In 2002 the team dropped the word “River” from its name and became simply known as the Louisville Bats. While the logo and mascot still consist of the winged mammal, the bat is also synonymous with the Louisville Slugger baseball bat. (The naming rights for the stadium were purchased by Hillerich & Bradsby, makers of the famous Louisville Slugger baseball bat.)

Louisville has won the attendance title every season since moving into Louisville Slugger Field and the Redbirds have won the American Association title in 1984, 1985 and 1995.

In 2002, a unique sign of the power of baseball fever in this community was the public frenzy and pride displayed as our own Valley Sports Little League team won the Little League World Series.

In 2007, the Cards set the community on fire with a totally out-of-the-blue run to the College

World Series, led by Logan Johnson and Boomer Whiting.

And, In 2008, the Cards won the Big East.

By the way, it’s not just Louisville. Kentucky as a state holds its own over the years, particularly when you consider its small population relative to other states. Besides Pee Wee Reese, Kentucky has two other Hall of Famers- Earle Combs and Jim Bunning.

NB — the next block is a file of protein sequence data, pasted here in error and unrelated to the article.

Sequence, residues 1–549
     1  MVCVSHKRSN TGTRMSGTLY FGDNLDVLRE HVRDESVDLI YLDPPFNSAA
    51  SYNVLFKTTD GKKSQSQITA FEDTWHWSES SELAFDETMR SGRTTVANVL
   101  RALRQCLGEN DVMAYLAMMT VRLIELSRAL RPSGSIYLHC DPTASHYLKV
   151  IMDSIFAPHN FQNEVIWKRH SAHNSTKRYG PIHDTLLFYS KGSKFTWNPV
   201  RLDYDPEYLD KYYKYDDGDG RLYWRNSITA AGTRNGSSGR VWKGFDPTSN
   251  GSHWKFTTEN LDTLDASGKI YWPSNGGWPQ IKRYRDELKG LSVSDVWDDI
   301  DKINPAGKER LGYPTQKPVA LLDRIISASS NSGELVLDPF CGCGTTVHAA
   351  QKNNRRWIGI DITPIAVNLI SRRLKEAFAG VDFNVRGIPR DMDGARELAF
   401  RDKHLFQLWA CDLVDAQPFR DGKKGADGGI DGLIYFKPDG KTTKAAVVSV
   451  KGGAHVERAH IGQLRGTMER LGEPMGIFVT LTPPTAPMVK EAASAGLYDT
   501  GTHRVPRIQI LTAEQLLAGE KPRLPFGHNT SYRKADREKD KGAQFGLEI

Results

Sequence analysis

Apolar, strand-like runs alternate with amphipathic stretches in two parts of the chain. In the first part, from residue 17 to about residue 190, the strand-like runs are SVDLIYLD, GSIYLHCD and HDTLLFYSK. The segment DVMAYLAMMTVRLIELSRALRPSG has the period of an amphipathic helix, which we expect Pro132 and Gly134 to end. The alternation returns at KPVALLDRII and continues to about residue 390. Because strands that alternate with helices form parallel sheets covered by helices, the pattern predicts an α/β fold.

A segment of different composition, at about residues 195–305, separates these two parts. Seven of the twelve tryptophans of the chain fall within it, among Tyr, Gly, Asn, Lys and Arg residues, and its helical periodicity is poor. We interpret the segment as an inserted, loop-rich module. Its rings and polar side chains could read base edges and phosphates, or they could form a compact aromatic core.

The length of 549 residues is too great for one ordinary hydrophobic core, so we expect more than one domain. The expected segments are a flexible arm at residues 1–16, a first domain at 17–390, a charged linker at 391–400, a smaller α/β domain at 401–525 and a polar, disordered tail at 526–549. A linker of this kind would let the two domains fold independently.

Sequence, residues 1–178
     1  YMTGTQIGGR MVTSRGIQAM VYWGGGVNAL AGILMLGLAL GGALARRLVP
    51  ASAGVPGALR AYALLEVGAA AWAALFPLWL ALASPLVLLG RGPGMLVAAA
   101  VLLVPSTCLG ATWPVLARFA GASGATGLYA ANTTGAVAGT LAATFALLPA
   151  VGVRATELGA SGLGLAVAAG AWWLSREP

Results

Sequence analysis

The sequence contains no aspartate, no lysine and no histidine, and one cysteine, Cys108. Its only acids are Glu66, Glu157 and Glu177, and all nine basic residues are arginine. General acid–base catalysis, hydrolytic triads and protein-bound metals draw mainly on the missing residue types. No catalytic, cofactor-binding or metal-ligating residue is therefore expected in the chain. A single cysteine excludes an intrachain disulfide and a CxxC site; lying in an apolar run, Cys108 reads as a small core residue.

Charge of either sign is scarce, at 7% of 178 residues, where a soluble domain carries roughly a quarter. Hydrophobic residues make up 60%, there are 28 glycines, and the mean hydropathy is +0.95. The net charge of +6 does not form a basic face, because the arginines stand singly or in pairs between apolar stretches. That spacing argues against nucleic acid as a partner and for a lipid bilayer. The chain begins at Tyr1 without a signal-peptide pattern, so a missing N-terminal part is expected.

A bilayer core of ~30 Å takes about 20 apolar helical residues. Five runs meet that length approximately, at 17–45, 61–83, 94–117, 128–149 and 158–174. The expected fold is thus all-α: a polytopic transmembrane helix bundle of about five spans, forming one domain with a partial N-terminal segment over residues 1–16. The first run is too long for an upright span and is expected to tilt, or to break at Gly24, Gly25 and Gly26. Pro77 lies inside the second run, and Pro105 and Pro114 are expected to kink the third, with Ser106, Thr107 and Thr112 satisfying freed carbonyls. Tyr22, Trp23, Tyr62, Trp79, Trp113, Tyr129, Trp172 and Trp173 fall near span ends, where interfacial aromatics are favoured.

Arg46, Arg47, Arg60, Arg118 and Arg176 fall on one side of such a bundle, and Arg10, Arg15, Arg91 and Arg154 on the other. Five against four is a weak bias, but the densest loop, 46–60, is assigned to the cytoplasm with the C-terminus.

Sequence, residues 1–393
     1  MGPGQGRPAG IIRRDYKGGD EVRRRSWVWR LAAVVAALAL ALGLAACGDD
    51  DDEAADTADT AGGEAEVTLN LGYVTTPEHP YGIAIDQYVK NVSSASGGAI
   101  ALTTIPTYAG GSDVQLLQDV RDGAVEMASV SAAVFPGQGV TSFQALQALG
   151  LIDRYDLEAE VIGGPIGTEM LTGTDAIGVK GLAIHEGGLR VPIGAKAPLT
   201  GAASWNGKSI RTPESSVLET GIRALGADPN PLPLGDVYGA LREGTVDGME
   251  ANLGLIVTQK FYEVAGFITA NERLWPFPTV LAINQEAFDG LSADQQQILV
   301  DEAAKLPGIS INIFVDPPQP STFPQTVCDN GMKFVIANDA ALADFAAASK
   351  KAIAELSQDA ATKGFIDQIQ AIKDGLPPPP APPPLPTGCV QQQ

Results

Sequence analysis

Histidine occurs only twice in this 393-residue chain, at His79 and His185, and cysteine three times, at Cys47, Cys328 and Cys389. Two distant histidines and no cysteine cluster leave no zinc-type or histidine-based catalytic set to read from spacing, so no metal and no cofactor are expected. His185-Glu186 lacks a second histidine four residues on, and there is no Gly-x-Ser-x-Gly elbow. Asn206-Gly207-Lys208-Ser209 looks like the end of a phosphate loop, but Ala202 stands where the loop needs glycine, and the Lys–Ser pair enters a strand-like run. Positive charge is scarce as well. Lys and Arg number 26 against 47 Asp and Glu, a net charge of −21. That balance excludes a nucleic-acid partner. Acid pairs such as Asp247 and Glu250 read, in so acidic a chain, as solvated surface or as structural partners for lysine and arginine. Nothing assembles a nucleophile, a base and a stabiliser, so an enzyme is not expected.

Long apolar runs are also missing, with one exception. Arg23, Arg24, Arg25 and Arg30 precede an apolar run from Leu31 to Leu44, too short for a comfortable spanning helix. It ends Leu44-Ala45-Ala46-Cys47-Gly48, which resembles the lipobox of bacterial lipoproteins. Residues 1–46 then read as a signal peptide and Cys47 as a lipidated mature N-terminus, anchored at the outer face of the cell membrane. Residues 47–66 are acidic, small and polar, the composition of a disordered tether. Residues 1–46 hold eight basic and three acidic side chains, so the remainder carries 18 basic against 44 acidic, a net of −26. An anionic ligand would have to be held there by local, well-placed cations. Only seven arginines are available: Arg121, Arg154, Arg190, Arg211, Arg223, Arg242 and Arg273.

Add in Pete Browning–who many argue should be in, and we’ve got Kentucky born players in the Hall at baseball origins 80-90’s , then in 20’s-30’s with Combs and the immortal Ruth-Gehrig Yankees, the 50’s with Reese and the beloved Brooklyn Dodgers, and  the 70’s with Bunning.

Here’s a link to Kentucky players who have played in Major League Baseball(courtesy of rkblock2): http://en.wikipedia.org/wiki/C…s_from_Kentucky

Look at the great pitchers. Besides Bunning,…Woodie Fryman, fire-baller Don Gullet of the Big Red Machine on the Cincinnati Reds, Steve Hamilton, and more recently Paul Byrd and Jeremy Sowers.

Throw in Gus Bell, Doug Flynn, and Phil Roof and several others….not too shabby.

And current MLB rosters are peppered with local and Kentucky born players: Matt Anderson, Chris Burke, Paul Byrd, Tyler Clippard, Aaron Cook, Scott Downs, Matthew Ginter, Andy Green, Sean Green, Corey Hart, Austin Kearns, Jon Rauch, Mark Reynolds, Jeremy Sowers, Ryan Speier, Jon Switzer, Dan Uggla, Brandon Webb, and Todd Wellemeyer, Bill White, and Brad Wilkerson.

So… for those still wondering about why we care so much about baseball— now you know.

Louisville Colonels
(18851899, 19011962, 19681972)
Louisville, Kentucky

Team Logo

Cap Insignia


  • Triple-A (1946-1962), (1968-1972)
  • Double-A (1908-1945)
  • A (1902-1907)
  • Major League (1885-1899)

Minor League affiliations

Major League affiliations


  • Louisville Colonels (1885-1899), (1901-1962), (1968-1972)


Minor League titles

League titles

1890, 1909, 1916, 1921, 1925, 1926, 1930, 1939, 1940, 1944, 1945, 1946, 1954, 1960, 1961, 1962


12 Responses to “Baseball in Louisville: Why We Care So Much”